Game resolution is mainly a GPU thing.

As for "very little information available about streaming performance", the main reason for that is that even the slowest CPUs currently in production are already able to handle 1080p decoding in software and most of the time, decode gets GPU acceleration on top of that so streaming playback is considered trivial for modern hardware.

For media encoding, QuickSync on HD4000 IGP is about twice as fast as the next fastest thing but requires either an i5-3570K or i7-3xxx CPU.


A. I'm not talking about game resolution.
B. I'm talking about performance "of the i5 vs the i7"
C. Encoding is the issue, not decoding.
D. My i3 is not a bad computer by any means lol, and it's maxed while using xsplit.

I appreciate your reply though, and i would like to keep the overclocking option open so i will likely go with K series.
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a c 283 à CPUs
May 24, 2012 1:52:13 AM

iocaine1 said:
A. I'm not talking about game resolution.
B. I'm talking about performance "of the i5 vs the i7"
C. Encoding is the issue, not decoding.
D. My i3 is not a bad computer by any means lol, and it's maxed while using xsplit.

I appreciate your reply though, and i would like to keep the overclocking option open so i will likely go with K series.


In fairness, you didn't mention encoding in the OP, just streaming. Two totally different things.

And in games the i7 has no real benefits, even when streaming.
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May 24, 2012 1:55:42 AM

DJDeCiBeL said:
In fairness, you didn't mention encoding in the OP, just streaming. Two totally different things.

And in games the i7 has no real benefits, even when streaming.


True, my bad. I figured it was implied when i mentioned livestreaming games. :( 
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a c 283 à CPUs
May 24, 2012 1:57:29 AM

Either way, the 2500K is MORE than enough to live stream with. You can get an i7 if you want, but there's no reason to for just live streaming.
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May 24, 2012 1:58:41 AM

DJDeCiBeL said:
Either way, the 2500K is MORE than enough to live stream with. You can get an i7 if you want, but there's no reason to for just live streaming.


Awesome, thats why i asked. I really appreciate your taking the time to reply.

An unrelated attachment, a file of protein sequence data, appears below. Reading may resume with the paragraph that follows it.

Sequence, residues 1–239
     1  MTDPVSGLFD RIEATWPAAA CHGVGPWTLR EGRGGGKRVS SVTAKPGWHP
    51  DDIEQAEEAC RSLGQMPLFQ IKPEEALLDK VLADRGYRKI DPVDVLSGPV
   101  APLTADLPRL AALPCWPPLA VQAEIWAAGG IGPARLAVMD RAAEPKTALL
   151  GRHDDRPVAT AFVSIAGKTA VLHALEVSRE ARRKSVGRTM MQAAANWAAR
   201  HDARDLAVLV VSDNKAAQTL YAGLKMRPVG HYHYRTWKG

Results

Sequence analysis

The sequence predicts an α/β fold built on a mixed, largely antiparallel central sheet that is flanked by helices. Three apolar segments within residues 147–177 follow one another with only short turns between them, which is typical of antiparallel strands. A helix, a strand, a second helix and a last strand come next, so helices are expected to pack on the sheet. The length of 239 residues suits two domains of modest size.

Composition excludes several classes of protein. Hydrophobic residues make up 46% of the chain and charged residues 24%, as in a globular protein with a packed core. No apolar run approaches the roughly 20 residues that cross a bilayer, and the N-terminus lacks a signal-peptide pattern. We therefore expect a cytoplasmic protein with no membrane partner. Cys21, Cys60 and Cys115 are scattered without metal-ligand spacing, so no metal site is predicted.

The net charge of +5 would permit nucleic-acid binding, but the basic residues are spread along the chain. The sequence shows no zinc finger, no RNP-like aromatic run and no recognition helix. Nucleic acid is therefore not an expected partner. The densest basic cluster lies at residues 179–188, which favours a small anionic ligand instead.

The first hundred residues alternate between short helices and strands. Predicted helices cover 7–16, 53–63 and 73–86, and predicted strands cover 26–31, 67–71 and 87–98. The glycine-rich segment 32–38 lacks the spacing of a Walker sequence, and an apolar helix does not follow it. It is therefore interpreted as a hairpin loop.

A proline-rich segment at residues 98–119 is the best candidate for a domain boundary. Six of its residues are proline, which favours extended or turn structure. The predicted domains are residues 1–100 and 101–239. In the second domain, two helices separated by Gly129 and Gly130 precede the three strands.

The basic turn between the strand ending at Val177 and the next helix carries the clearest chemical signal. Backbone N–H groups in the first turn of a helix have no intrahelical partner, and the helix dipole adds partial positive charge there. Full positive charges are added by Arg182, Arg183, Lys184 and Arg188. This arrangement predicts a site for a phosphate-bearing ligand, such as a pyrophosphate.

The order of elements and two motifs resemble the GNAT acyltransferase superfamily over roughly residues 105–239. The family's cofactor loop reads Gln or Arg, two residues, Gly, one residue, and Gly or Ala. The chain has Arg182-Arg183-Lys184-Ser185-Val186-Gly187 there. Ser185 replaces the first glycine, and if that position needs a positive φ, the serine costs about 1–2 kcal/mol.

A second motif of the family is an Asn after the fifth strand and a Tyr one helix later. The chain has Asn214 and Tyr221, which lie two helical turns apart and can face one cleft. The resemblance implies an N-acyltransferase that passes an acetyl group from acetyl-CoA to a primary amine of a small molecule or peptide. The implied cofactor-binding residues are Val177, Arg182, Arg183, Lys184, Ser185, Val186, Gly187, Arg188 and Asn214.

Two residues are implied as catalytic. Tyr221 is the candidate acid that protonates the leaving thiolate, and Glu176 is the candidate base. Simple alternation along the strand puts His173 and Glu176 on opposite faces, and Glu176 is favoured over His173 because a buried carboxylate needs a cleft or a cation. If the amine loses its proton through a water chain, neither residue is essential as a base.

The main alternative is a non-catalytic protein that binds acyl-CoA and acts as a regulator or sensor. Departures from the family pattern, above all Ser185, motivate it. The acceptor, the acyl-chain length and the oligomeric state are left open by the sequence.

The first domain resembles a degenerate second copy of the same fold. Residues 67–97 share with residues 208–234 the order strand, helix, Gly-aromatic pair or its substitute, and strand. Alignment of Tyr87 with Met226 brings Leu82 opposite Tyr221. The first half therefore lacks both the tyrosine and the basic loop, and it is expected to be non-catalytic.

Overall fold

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a c 283 à CPUs
May 24, 2012 1:59:26 AM

No problem. :) 
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May 25, 2012 2:10:34 PM

So, i've dug further into the Xsplit forums and read up on as many topics pertaining to streaming and the i5 (almost all were 2500k). It seems like the people who post do say the machine streams fine, but they are using between 80-90% cpu. Given that some games like BF3 are also cpu intensive with physics calculations there are those that are maxing the i5.

This then leaves me with the question:
If i am to get an i5, I would regularly be livestreaming for 6 hours in a row (avg is somewhere between 4 and 6 hours).. How bad is it if the CPU is running at such high percentage(70-80%) for these extended periods of time. Granted games do not have 100% action scenes, so i would imagine that it fluctuates. Does this significantly damage the life expectancy of such a processor?
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a c 116 à CPUs
May 25, 2012 2:23:46 PM

iocaine1 said:
Granted games do not have 100% action scenes, so i would imagine that it fluctuates. Does this significantly damage the life expectancy of such a processor?

With adequate cooling and power, you can run just about any semiconductor at 100% load indefinitely.

What matters is core temperatures, not % load.
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a c 283 à CPUs
May 25, 2012 5:13:33 PM

InvalidError said:
With adequate cooling and power, you can run just about any semiconductor at 100% load indefinitely.

What matters is core temperatures, not % load.


+1 A non issue.